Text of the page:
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House Endorses Its Version of Federal Gun Law Nullification Legislation

JEFFERSON CITY, Mo. -- The House has given initial approval to a bill meant to nullify federal gun laws within the state.

The House has given initial approval to a bill meant to nullify federal gun laws within the state.

Representatve Doug Funderburk (photo courtesy; Tim Bommel, Missouri House Communications)

Representatve Doug Funderburk (photo courtesy; Tim Bommel, Missouri House Communications)

The bill, HB 1439, would deny state law enforcement agencies and courts the power to enforce federal gun laws and would make anyone deemed in violation of a Missourian’s Second Amendment Rights liable to legal action by that Missourian.

Other versions of the legislation would have made law enforcement officers subject to criminal prosecution for enforcement of the gun laws targeted by the measure. Sponsor,Representative Doug Funderburk (R-St. Peters) says he removed that language at the request of law enforcement.

“This is what law enforcement said was their most deep, heartfelt concern about the bill from last year and the bill that I originally filed this year,” said Funderburk.

The bill would also allow specified school personnel to carry concealed weapons with specific training. Representative Rick Brattin (R-Harrisonville) says that will serve as a deterrent to anyone who would consider carrying out a school shooting.

Representative Genise Montecillo (D-St. Louis) isn’t convinced that is the proper role for a teacher.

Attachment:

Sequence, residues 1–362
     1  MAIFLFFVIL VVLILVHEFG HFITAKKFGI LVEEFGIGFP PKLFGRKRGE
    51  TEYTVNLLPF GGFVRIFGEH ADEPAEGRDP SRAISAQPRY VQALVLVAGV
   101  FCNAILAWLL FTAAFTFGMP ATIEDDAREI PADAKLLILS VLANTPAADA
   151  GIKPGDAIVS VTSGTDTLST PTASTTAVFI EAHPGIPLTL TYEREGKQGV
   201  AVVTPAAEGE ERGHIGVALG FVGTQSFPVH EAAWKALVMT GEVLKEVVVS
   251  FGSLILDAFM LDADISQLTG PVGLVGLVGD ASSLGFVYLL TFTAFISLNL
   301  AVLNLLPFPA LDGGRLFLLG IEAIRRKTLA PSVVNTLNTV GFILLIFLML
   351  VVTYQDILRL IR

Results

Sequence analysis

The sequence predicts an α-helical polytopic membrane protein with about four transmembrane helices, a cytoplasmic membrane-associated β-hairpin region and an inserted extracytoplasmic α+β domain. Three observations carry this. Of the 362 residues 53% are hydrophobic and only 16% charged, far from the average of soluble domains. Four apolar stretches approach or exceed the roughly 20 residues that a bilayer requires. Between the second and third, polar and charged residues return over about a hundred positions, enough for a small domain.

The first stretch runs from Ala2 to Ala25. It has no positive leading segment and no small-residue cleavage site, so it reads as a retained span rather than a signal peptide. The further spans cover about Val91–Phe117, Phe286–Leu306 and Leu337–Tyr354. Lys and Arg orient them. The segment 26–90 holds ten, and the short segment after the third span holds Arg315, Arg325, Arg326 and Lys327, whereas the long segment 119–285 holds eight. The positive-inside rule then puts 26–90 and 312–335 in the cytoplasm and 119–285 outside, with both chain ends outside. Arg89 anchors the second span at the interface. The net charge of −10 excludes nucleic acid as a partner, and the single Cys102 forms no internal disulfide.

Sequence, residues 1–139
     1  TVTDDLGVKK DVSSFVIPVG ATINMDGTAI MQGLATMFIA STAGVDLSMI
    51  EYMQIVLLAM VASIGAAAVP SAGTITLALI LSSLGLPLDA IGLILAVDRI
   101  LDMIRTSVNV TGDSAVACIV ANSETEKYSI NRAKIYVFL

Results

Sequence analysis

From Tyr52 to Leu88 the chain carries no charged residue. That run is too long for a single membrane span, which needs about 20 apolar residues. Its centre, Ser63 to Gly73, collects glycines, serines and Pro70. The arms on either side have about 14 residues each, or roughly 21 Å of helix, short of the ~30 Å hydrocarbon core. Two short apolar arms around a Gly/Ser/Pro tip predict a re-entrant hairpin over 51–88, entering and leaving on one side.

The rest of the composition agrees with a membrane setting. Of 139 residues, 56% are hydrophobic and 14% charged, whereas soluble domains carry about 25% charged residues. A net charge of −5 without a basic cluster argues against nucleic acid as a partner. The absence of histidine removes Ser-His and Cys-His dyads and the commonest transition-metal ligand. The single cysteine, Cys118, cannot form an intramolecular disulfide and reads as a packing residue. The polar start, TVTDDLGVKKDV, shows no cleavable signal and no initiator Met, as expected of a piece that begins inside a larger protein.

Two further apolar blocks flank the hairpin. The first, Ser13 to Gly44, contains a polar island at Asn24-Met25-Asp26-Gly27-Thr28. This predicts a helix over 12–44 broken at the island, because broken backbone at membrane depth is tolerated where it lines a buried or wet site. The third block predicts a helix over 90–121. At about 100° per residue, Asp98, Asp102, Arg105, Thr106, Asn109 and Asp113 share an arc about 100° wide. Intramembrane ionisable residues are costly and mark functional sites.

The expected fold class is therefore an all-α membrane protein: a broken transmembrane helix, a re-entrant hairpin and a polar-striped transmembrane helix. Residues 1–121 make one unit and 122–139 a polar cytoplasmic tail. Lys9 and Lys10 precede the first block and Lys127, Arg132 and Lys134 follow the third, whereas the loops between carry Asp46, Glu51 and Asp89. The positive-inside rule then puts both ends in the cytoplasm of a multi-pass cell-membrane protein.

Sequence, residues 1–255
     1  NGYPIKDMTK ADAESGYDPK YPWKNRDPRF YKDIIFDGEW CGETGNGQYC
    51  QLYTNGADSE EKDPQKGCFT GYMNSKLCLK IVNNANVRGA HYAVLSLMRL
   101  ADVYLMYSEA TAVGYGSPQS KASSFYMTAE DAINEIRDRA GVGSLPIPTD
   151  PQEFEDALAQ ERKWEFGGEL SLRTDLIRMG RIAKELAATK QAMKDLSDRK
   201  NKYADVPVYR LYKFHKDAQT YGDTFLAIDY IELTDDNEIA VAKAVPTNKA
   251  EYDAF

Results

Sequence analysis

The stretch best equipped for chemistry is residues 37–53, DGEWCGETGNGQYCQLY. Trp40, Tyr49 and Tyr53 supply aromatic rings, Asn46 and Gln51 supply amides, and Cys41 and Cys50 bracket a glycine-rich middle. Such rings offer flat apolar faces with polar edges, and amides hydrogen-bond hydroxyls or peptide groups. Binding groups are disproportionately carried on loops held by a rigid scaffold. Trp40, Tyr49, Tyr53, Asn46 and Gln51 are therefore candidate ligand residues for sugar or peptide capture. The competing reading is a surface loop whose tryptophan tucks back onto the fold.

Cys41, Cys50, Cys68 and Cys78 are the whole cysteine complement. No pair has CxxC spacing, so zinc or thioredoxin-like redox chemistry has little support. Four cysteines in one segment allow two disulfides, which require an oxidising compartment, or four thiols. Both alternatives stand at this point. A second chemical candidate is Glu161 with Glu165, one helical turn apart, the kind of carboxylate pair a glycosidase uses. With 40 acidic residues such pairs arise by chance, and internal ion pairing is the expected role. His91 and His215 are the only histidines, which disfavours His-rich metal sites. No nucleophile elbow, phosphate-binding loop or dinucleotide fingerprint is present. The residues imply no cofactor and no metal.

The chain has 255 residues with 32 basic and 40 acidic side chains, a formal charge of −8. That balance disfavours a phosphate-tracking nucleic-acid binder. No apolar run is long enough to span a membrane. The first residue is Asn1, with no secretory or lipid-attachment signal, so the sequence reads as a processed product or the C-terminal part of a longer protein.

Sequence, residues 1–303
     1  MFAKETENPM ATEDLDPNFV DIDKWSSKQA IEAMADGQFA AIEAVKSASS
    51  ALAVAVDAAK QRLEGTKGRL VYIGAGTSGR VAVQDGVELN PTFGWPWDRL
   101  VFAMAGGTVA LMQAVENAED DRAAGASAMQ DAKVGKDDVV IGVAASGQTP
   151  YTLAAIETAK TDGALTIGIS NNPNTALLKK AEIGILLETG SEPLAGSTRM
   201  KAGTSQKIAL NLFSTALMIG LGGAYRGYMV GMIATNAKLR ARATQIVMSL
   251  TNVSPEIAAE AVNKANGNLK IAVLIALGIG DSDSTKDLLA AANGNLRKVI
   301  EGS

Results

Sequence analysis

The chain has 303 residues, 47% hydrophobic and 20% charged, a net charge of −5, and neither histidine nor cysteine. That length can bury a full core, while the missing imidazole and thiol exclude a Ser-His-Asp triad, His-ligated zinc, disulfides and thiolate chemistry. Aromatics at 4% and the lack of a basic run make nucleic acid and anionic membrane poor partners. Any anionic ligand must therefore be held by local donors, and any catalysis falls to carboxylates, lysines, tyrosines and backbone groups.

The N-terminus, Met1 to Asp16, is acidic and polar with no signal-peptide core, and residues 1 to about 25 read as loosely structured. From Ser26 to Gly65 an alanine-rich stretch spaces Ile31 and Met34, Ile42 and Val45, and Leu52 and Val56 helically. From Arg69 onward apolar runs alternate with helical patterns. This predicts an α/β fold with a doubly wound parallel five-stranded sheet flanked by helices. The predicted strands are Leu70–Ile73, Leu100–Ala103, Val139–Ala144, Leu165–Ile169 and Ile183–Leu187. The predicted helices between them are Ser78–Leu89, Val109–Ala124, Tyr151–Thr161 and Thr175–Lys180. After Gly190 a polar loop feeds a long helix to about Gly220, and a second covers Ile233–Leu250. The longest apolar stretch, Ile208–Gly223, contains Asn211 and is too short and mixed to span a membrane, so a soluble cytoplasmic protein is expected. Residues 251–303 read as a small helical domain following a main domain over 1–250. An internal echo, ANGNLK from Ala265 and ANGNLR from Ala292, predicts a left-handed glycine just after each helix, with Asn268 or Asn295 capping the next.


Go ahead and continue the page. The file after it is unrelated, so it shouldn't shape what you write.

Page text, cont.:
“I have no issue with having trained, real police officers in our schools. I think that’s a good idea. I encourage that. I’ve seen the effect and the impact that they’ve had in my school district. I do have issue putting folks that have sort of a pseudo police officer training and having folks filling two different roles.”

The proposal would not allow public hearings by school districts before the allowing of armed school personnel on school grounds.

Those House Democrats that oppose the legislation dismiss it as unconstitutional.

“On its face it contradicts our oath of office,” says Representative Stacey Newman (D-St. Louis). “It’s going straight to court if it becomes law.”

The legislation would prevent a medical practitioner from being required to ask a patient about his or her gun ownership status or to disclose such information except in specific circumstances.

The proposal would bar the disarming of a person carrying openly or concealed unless he or she is under arrest and lowers the minimum age at which one can obtain a concealed carry permit from 21 to 19.

It requires another favorable vote to go to the Senate.

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